French Pressurised Hot Water Cylinders - fitting in the UK

Hi, I have another query with regard to my own plumbing this time that I would like some advice on please. We are building an extension at the moment and need to run water from the current house into the extension. Without going into all the reasons why, I am considering upgrading the gravity fed hot water cylinder to a pressurised one.
The cost of these cylinders in the UK seems over the top, but a friend recently told me they were much cheaper in France & he had a recent Brico Depot catalogue to hand. A 150 ltr cylinder costs 99 Euros fitted with a 1800w immersion heater, a 200 ltr is even cheaper at 90 Euros! I understand that these do not have a coil inside them so I could not hook it up to my existing C/H system. This does not bother me, it does not seem to cost much more whether I heat off gas or electric from past experience. According to him, you just plumb them in, connect the water pipes up and away you go.
Has anyone any experience of fitting these things & can offer any advice?
My questions are:
Will these tanks fit up to my existing 22mm plumbing connections OK ?
Can anyone forsee any problems modifying my C/H system as the pipes won't go through the HW cylinder any longer ?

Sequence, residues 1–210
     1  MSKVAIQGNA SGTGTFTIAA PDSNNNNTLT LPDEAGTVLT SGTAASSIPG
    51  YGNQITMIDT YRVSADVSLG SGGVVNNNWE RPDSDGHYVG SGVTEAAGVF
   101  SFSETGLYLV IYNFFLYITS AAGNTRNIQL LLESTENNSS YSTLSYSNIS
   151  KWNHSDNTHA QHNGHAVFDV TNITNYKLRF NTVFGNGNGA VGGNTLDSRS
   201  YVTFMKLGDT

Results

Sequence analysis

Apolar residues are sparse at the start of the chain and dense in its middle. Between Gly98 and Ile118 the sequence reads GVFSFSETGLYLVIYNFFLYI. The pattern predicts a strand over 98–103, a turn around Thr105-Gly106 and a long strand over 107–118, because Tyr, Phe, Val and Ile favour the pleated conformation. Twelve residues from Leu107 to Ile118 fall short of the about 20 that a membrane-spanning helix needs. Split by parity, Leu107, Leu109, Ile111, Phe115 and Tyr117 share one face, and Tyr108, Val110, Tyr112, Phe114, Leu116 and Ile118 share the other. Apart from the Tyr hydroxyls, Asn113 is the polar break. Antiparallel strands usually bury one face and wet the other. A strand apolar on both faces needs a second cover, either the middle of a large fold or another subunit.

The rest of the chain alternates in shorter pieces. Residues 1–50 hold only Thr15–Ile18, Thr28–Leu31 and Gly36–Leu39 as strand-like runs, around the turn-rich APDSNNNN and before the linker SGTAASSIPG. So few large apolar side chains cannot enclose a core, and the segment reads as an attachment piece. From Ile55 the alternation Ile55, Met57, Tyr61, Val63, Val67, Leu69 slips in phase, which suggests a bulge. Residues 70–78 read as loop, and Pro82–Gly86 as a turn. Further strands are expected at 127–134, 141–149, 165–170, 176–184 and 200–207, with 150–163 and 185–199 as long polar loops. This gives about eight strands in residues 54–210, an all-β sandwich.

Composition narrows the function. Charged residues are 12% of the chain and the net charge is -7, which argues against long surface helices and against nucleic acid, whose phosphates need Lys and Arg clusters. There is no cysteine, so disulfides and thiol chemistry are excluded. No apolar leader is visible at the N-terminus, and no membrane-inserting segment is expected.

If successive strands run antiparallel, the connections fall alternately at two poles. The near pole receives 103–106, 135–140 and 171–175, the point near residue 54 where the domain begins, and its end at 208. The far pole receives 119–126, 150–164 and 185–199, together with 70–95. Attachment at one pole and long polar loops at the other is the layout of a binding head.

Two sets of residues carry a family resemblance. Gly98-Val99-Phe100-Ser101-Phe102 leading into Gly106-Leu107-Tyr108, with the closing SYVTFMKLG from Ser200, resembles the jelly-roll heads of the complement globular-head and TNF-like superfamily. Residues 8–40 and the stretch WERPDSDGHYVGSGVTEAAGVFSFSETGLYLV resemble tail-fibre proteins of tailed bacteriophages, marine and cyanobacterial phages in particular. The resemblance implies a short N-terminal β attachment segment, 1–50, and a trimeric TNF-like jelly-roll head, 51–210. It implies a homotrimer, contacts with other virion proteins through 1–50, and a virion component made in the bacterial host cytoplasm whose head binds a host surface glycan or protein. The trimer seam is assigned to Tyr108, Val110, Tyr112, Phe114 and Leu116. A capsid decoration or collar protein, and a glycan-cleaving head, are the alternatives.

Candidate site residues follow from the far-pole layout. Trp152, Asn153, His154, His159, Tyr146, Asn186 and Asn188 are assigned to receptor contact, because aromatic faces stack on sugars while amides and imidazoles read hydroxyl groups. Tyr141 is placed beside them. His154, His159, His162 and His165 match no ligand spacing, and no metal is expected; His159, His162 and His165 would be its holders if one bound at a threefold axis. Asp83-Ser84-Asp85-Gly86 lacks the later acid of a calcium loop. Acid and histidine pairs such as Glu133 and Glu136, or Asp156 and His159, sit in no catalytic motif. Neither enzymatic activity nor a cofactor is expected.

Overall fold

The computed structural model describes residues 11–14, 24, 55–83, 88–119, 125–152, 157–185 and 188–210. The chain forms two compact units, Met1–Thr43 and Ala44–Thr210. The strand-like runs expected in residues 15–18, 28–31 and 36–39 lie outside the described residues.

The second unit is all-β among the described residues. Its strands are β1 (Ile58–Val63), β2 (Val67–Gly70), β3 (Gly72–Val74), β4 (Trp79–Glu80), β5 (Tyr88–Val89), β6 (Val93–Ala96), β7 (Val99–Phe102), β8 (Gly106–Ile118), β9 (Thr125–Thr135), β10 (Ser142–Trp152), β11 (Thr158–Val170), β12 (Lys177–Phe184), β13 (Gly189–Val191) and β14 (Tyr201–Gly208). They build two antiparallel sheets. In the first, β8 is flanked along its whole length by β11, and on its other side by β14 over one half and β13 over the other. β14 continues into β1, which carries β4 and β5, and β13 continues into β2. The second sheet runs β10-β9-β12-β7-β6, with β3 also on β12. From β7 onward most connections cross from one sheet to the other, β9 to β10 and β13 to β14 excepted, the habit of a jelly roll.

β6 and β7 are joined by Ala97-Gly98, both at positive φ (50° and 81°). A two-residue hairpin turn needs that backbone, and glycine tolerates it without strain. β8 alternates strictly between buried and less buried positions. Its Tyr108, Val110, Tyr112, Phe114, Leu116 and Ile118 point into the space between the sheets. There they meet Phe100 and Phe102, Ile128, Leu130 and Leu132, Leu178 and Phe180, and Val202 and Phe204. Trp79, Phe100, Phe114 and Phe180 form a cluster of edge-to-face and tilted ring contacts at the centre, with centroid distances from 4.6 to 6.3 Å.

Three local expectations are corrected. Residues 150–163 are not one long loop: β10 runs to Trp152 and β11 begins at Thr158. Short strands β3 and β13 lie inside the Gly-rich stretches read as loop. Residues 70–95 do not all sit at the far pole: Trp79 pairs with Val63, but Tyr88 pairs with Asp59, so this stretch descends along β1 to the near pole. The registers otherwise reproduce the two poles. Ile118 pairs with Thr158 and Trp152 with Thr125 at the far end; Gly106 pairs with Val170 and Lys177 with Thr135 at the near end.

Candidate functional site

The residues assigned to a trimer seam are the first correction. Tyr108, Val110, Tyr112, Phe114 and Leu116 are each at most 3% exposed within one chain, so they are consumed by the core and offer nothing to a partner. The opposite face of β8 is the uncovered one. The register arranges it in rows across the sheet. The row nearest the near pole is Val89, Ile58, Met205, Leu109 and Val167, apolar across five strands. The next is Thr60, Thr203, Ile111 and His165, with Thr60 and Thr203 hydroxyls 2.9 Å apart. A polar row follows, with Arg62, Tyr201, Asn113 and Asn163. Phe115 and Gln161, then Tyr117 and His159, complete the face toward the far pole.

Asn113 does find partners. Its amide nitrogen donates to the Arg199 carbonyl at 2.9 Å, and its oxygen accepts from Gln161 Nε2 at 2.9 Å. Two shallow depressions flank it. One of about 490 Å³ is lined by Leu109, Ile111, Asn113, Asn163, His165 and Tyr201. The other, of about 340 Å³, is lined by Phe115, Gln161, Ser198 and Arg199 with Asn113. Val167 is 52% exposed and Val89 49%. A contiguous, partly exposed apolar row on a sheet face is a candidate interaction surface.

Would I be breaking any regulations and/or should the building inspector be involved ?
Do I have to fit a vent pipe (think I do)?
Can anyone forsee any other problems ?
Thanks,
Peter
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I would be very surprised if it is legal. The building regulations are very strict about the safety controls of these devices. In the rest of the world, where they've been used for decades, the regulations are much more lax, although I suppose there could be a European trade directive saying that if they're legal in France, they have to be accepted here.

That would make it an unpressurised cylinder and, therefore, would almost certainly make it legal, but it would require a header tank and not provide mains hot water.
Christian.
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I suspect that this may well be true, certainly that is the ultimate aim. It has been found (see threads here a while ago) that a house wired to UK standards and with UK sockets etc. is OK in Spain.
--
Chris Green

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Christian McArdle wrote:

Er. not so. There should be a a vent pipe coupled to a pressure valve.
They 'blow off' at about 2 bar I thnk.

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Well, I would call that a pressure relief pipe, not a vent, but it's only a matter of nomenclature.
After all, they are called "unvented" cylinders, which sort of implies there is no vent.
Christian.
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What! Gas is 3 to 4 times cheaper than electricity per kW. You haven't looked at your bills closely enough.